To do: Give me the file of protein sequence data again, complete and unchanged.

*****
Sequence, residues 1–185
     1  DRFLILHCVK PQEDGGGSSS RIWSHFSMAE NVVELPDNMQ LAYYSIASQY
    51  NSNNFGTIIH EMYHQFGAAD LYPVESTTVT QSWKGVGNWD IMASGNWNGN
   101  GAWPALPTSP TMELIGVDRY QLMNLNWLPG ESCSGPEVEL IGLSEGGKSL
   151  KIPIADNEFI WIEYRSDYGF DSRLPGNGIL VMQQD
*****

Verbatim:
Sequence, residues 1–185
     1  DRFLILHCVK PQEDGGGSSS RIWSHFSMAE NVVELPDNMQ LAYYSIASQY
    51  NSNNFGTIIH EMYHQFGAAD LYPVESTTVT QSWKGVGNWD IMASGNWNGN
   101  GAWPALPTSP TMELIGVDRY QLMNLNWLPG ESCSGPEVEL IGLSEGGKSL
   151  KIPIADNEFI WIEYRSDYGF DSRLPGNGIL VMQQD